• AI tool gives doctors a new look at the lungs in treating COVID-19

    Thursday, May 21, 2020
    by Scott Lyon, Office of Engineering Communications

    Spurred by the COVID-19 pandemic, Princeton researchers have developed a diagnostic tool to analyze chest X-rays for patterns in diseased lungs. The new tool could give doctors valuable information about a patient's condition, quickly and cheaply, at the point of care.

  • Double helix of masonry — researchers uncover the secret of Italian Renaissance domes

    Thursday, May 21, 2020
    by Amelia Herb, Office of Engineering Communications

    What can modern engineering learn from an erstwhile jeweler who built the largest masonry dome in existence? The construction of the Florentine duomo by Filippo Brunelleschi has been an engineering marvel for more than 500 years, showcasing ancient techniques that still hold valuable insights for modern engineering. Until now, it has remained a mystery how the master goldsmith and sculptor managed to build the masterpiece that pushes the limits of what is possible to construct even with modern building technologies, and how the masters who followed Brunelleschi carried on the tradition.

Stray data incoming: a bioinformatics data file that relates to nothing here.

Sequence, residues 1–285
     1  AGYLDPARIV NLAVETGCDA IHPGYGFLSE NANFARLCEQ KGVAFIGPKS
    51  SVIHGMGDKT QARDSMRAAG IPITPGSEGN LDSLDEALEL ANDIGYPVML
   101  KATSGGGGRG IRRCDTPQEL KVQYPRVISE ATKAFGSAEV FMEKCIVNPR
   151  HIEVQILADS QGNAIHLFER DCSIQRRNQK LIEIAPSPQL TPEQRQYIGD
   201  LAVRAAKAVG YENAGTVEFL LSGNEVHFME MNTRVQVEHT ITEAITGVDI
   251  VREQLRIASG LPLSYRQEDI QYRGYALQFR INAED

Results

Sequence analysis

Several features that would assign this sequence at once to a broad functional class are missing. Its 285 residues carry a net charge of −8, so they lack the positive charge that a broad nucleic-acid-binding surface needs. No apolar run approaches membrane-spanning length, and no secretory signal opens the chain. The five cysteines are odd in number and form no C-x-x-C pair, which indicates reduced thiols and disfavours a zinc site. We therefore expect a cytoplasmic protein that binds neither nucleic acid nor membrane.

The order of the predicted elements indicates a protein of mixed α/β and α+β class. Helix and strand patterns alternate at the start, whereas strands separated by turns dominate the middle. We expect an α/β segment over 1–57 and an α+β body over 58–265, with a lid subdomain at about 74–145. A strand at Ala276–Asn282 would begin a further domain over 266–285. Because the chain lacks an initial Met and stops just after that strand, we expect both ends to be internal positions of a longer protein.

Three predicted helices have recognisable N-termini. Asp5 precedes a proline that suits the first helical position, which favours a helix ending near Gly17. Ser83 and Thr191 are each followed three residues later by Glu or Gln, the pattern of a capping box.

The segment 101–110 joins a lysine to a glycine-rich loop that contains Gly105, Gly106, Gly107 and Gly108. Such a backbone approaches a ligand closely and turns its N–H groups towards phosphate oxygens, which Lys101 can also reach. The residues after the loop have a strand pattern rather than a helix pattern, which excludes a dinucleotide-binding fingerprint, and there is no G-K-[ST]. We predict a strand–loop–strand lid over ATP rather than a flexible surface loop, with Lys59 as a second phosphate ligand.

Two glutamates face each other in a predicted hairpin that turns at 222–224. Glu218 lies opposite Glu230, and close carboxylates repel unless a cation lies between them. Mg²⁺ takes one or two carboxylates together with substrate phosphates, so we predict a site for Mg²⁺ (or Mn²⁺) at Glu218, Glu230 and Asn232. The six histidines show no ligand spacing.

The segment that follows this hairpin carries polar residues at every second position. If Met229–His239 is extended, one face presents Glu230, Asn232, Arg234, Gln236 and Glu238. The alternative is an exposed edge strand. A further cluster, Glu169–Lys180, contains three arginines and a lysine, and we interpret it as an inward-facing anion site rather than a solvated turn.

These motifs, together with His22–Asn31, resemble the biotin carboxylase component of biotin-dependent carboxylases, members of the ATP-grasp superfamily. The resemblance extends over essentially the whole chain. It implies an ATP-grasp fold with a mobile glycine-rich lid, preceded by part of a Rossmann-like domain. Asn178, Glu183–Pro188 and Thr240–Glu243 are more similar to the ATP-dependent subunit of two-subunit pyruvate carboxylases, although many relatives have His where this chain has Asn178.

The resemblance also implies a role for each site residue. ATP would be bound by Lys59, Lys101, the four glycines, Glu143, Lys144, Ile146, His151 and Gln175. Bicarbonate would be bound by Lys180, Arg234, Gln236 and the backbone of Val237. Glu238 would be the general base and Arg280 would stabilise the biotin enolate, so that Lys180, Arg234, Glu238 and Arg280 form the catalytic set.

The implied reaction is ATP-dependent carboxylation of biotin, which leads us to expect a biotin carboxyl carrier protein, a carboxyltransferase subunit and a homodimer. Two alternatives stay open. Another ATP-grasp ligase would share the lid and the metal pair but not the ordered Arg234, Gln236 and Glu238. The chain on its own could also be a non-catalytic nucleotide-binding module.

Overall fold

• Giant umbrellas shift from convenient canopy to sturdy storm shield

    Thursday, Apr 2, 2020
    by Molly Sharlach, Office of Engineering Communications

    A storm nears the coast, stirring up wind and waves. Along the boardwalk that lines the beach, a row of oversize concrete umbrellas begins to tilt downward, transforming from a convenient canopy to a shield against the coming onslaught.

  • Water-balloon physics is high-impact science

    Thursday, Mar 19, 2020
    by Scott Lyon, School of Engineering and Applied Science

    Water balloons may seem like a trivial matter. A toy for mischievous kids in summer. But for scientists, the behavior of balls of liquid wrapped in a thin elastic membrane is critical to everything from understanding blood cells to fighting fires.

  • Mechanical forces shape bacterial biofilms’ puzzling patterns

    Thursday, Mar 26, 2020
    by Molly Sharlach, School of Engineering and Applied Science

    Belying their slimy natures, the sticky patches of bacteria called biofilms often form intricate, starburst-like patterns as they grow. Now, researchers at Princeton University have combined expertise in molecular biology, mechanical engineering and mathematical modeling to unravel the physical processes underlying these curious crinkles.

  • New mathematical model can more effectively track epidemics

    Wednesday, Mar 25, 2020
    by John Sullivan, Office of Engineering Communications

    As COVID-19 spreads worldwide, leaders are relying on mathematical models to make public health and economic decisions.

    A new model developed by Princeton and Carnegie Mellon researchers improves tracking of epidemics by accounting for mutations in diseases. Now, the researchers are working to apply their model to allow leaders to evaluate the effects of countermeasures to epidemics before they deploy them.


Subscribe to Engineering